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Natural Progesterone Cream Use and Sore Breasts: Will it make them Worse?
By Catherine Rollins - www.natural-progesterone-advisory-network.com

Question:

I am suffering from breast swelling and tenderness and have heard that natural progesterone cream can help. I was looking into trying it but then I came across a website that claimed natural progesterone contributes to fuller breasts by inducing the release of hormones that prepare a woman to have a child, and breastfeed.

I am a little confused about this conflicting information. Can natural progesterone cream help my breast soreness problems or will it only contribute to making them more swollen and tender?

Answer:

Thank you for writing to us. You know, by all accounts, breast pain is universal. In fact, breast pain (or mastalgia) is the most common breast related complaint among women. Nearly 70% of women experience breast pain at some point in their lives.

Premenstrual breast pain is related to how the breast tissue responds to monthly changes in a woman’s estrogen and progesterone hormone levels. If breast pain is accompanied by lumpiness, cysts (accumulated packets of fluid), or areas of thickness, the condition is usually called fibrocystic change. The breasts may feel swollen, painful, tender, or lumpy a few days before menstruation. Breast pain and swelling usually ends when menstruation is over.

According to Jerilynn Prior, M.D., a Canadian clinician, researcher, and professor of endocrinology at the University of British Columbia, premenstrual breast tenderness that occurs at the sides of the breast under the armpits suggests that ovulation has occurred during that cycle. If the breasts are sore up front and over the nipples, it tends to suggest high estrogen, or estrogen dominance, which can indicate a lack of ovulation. Soreness on the sides and the front may indicate that ovulation occurred but that not much progesterone was produced three or four days after ovulation, and thus estrogen dominance is occurring.

Charting the occurrence of pain (and your stress levels) during your menstrual cycle can help you get a clearer picture of what's going on.

Which hormone - estrogen or progesterone - is responsible for breast pain just prior to a woman's menstrual cycle? Often progesterone is cited as the culprit probably because breast tenderness is a symptom of the luteal phase when both hormones are present in higher levels.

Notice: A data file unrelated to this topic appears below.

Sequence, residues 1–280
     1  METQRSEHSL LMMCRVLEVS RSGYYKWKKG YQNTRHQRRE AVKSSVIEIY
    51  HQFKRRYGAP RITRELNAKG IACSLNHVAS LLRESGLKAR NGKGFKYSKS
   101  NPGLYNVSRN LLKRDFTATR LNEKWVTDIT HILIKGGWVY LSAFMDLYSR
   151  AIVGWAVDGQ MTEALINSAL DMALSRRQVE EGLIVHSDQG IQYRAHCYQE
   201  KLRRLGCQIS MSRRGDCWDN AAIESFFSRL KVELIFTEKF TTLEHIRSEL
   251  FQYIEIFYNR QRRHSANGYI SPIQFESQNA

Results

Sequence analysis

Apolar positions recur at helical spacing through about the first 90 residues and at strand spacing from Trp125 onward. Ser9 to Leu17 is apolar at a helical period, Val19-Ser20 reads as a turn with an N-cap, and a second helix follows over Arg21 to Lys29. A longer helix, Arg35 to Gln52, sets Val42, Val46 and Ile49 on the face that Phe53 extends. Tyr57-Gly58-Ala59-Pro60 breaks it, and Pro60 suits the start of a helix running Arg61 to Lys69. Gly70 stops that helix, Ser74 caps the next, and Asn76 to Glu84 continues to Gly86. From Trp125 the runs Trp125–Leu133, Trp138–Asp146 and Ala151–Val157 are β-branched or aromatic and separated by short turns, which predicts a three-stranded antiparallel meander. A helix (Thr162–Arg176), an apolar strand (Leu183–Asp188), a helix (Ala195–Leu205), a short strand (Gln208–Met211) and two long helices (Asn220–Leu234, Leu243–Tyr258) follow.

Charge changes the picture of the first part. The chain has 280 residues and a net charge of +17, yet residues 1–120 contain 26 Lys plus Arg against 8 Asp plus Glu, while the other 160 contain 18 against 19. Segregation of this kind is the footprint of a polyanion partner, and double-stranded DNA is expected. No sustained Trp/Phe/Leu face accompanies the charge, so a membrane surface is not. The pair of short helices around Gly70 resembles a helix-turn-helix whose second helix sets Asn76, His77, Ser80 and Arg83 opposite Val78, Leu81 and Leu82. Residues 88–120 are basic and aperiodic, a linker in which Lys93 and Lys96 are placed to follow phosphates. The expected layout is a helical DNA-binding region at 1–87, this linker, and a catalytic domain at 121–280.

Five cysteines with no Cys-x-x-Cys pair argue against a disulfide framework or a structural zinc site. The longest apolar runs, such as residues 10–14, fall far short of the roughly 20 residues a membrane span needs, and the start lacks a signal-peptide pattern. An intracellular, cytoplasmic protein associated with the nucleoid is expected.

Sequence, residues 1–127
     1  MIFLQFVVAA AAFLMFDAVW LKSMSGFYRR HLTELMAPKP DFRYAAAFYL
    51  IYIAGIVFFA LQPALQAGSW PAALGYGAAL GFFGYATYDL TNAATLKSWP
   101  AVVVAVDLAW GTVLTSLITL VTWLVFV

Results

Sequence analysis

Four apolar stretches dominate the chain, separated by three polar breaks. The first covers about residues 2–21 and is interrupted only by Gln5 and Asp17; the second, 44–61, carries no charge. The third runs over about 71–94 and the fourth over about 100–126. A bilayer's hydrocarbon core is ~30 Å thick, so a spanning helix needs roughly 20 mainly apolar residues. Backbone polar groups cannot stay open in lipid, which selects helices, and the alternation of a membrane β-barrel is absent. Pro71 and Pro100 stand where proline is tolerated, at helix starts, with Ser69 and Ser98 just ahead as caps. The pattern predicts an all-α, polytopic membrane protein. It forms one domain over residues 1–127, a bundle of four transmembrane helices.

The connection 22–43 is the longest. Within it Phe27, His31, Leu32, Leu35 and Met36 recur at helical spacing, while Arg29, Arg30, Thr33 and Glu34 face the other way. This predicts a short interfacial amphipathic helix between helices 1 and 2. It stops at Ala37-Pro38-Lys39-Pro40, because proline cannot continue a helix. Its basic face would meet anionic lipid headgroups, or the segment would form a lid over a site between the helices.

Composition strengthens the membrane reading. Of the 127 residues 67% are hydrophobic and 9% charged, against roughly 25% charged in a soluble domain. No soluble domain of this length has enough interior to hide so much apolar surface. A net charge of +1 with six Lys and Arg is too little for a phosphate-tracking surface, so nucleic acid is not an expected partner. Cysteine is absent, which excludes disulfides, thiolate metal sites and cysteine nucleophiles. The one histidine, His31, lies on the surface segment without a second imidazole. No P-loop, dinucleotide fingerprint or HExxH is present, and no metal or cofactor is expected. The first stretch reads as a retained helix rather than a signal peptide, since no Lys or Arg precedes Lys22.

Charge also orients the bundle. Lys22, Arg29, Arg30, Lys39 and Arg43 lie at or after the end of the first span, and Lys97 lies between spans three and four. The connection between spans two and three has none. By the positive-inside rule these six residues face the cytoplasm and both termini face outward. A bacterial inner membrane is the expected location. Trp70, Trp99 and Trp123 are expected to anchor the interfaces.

Dr John Lee, in his publication What Your Doctor May Not Tell You About Breast Cancer: How Hormone Balance Can Help Save Your Life (by John R. Lee M.D., David Zava, Virginia Hopkins), believed that painful and lumpy breasts of almost every description are caused by estrogen dominance and can be helped with the use of transdermal bioidentical progesterone over 2-3 cycles (where synthetic progestins often make them worse).

The Johns Hopkins University conducted a 20 year study, published in 1983 in the American Journal of Epidemiology, showing that women who had good progesterone levels had less than a fifth of the amount of breast cancer, and less than a tenth of all the cancers that occurred in women who were low in progesterone. These outcomes suggest that having a normal level of progesterone protected women from nine-tenths of all cancers that might otherwise have occurred.

Of course, women can experience non-cyclical breast pain, often in one specific area of the breast(s). Non-cyclical pain is most common in women between 40 and 50 years of age. Usually, non-cyclical breast pain does not indicate breast cancer, though women should discuss the condition with their physicians.

Breasts are a fantastic barometer to guide you with your hormonal balancing. In fact, many women use sensations in their breasts to assess their progesterone dosage.

Our breasts tend to feel very 'full' or "swollen" when we're in a state of estrogen dominance. When our progesterone (P) to estradiol (E2) levels are in balance, this swelling and tenderness disappears, and our breasts feel 'unremarkable' throughout our menstrual cycle.

Women who are highly stressed, or who have a high intake of caffeine may take longer to respond.

Breast tissue is extremely vascular and, therefore, progesterone absorbs very quickly into the blood stream and surrounding tissue. So try rubbing small amounts of progesterone cream directly onto your breasts several times a day to target breast tissue and oppose estrogen’s action in the body.

We can treat lumpy, painful breasts with 40 mg/day of transdermal bioidentical progesterone for the first 2-3 months then, after the breasts revert to normal, we can maintain optimal health using 20 mg/day. But every woman is different, so we shouldn't be afraid to use more if we feel we need it.

Side effects of progesterone can include breast tenderness and swelling that, according to antidotal evidence, disappear with the passage of time and dosage adjustment.

Dr Jonathan V. Wright, in his January 2005 edition of Nutrition & Healing, believes we can ease breast pain (and our risk of cancer) with a treatment of Lugol's iodine (5% "di-atomic" and 10% saturated solution of potassium iodide) which is swabbed on to the vaginal area (to target ovaries). This solution, coupled with caffeine elimination can, according to Dr Wright, completely resolve fibrocystic breast disease in a matter of months while increasing our levels of estriol (estrogen ratio test)
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